Anyone who has lived in the United Kingdom for 20 years or longer would receive a state pension equivalent to £109.45 a week under a new plan unveiled by the Liberal Democrat leader, Charles Kennedy.
The Citizen's Pension would be funded by making those who are now under 40 work until the age of 67. It would also be simpler and cheaper to administer than the current mix of pensions and state benefits, Mr Kennedy said.
The Liberal Democrat plan - the brainchild of the party's work and pensions spokesman, David Laws - received a mixed response, with the Tories calling it a policy U-turn, and charities claiming that a higher pension age would discriminate against the poor.
All sides agree, however, that Britain is facing a pensions crisis, with the pensioner population projected to increase from 11 million to 16 million over the next 30 years. The Pensions Commission, chaired by the former Confederation of British Industry director general Adair Turner, is due to report next week.
The Government has brought in pension credit to ensure that no single pensioner lives off less than £109, or pensioner couples on less than £165.
The Liberal Democrats say the credit should be scrapped, along with the second state pension, to help pay for a better universal pension. They say some women receive a poor deal from the present system, which is based on national insurance contributions. "We have one of the lowest state pensions in the developed world, and one of the most complex systems. Women, in particular, suffer real discrimination," Mr Kennedy said.
MPs have one of the best pensions deals in the country, and the Liberal Democrats say they should lead by example by bringing their pension arrangements into line with other public sector employees. Under Mr Laws' plan, pensions would rise every year in line with earnings.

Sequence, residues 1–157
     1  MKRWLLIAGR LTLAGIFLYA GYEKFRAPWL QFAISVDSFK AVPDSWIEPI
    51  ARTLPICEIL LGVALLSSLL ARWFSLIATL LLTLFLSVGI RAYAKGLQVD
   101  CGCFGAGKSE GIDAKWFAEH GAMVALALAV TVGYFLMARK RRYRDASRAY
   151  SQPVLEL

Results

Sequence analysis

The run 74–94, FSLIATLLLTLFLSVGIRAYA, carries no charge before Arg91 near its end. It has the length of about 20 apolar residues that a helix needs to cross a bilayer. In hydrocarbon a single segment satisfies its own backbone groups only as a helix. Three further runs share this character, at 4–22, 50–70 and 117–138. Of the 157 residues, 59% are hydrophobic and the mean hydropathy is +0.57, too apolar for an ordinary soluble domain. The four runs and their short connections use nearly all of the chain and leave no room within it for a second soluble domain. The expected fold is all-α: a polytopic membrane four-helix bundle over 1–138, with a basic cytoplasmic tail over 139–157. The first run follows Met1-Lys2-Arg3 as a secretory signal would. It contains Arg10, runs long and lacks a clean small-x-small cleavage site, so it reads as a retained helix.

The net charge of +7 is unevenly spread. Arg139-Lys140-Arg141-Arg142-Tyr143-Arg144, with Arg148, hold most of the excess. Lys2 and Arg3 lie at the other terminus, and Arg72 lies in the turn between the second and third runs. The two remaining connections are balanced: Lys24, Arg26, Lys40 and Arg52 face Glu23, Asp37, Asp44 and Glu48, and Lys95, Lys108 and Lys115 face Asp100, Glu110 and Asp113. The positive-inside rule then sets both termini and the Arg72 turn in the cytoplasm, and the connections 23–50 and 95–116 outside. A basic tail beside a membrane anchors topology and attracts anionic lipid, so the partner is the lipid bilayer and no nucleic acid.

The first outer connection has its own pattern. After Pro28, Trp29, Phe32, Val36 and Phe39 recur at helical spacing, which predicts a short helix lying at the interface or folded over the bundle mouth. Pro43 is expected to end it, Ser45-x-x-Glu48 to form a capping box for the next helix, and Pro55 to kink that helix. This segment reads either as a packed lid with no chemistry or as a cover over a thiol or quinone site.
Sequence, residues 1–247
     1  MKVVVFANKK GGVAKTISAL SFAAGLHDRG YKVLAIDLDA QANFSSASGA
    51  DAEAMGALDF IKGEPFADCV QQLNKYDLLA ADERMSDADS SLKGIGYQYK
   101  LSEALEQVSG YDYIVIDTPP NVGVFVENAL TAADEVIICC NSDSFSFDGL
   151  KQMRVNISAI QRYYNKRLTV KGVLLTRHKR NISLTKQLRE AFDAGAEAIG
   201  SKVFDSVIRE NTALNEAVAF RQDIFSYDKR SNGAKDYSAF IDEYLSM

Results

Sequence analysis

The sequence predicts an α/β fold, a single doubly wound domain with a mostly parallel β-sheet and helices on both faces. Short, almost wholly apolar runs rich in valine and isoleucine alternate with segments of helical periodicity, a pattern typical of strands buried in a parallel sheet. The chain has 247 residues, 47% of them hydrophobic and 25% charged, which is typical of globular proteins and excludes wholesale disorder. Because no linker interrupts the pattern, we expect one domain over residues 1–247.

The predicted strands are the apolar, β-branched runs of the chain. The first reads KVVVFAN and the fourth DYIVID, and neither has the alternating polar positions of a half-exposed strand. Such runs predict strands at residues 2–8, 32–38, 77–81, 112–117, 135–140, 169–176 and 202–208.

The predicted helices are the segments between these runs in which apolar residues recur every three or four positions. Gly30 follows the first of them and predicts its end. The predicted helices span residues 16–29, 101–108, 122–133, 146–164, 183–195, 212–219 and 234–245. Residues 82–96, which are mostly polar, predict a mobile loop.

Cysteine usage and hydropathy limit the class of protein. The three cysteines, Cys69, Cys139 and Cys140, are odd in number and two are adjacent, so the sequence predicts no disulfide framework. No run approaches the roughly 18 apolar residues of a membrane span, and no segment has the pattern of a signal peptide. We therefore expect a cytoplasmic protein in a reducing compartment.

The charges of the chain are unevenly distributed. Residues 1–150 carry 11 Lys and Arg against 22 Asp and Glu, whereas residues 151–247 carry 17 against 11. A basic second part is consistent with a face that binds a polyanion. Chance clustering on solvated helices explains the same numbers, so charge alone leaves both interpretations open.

Sir Malcolm Rifkind, the shadow Work and Pensions Secretary, said: "When he was the Lib Dem director of policy, Mr Laws said linking pensions to earnings 'would put us on an escalator to economic absurdity'. Now, as the Lib Dem pensions spokesman, he is proposing a system linked to earnings."
Paul Cann, policy director of Help the Aged, attacked the Liberal Democrat proposal to raise the retirement age, but welcomed the principle of the new pension. "Life expectancy of the least affluent workers is much lower on average, so raising the entitlement age for the state pension will mean many older workers may never receive the increased package the Lib Dems are demanding," he said.
The Social Market Foundation is publishing a report today that will also call for a citizen's pension paid to all UK residents. But the think-tank also proposes a second tier pension based on compulsory savings in a private fund, and a third tier, based on voluntary contributions.Reuse content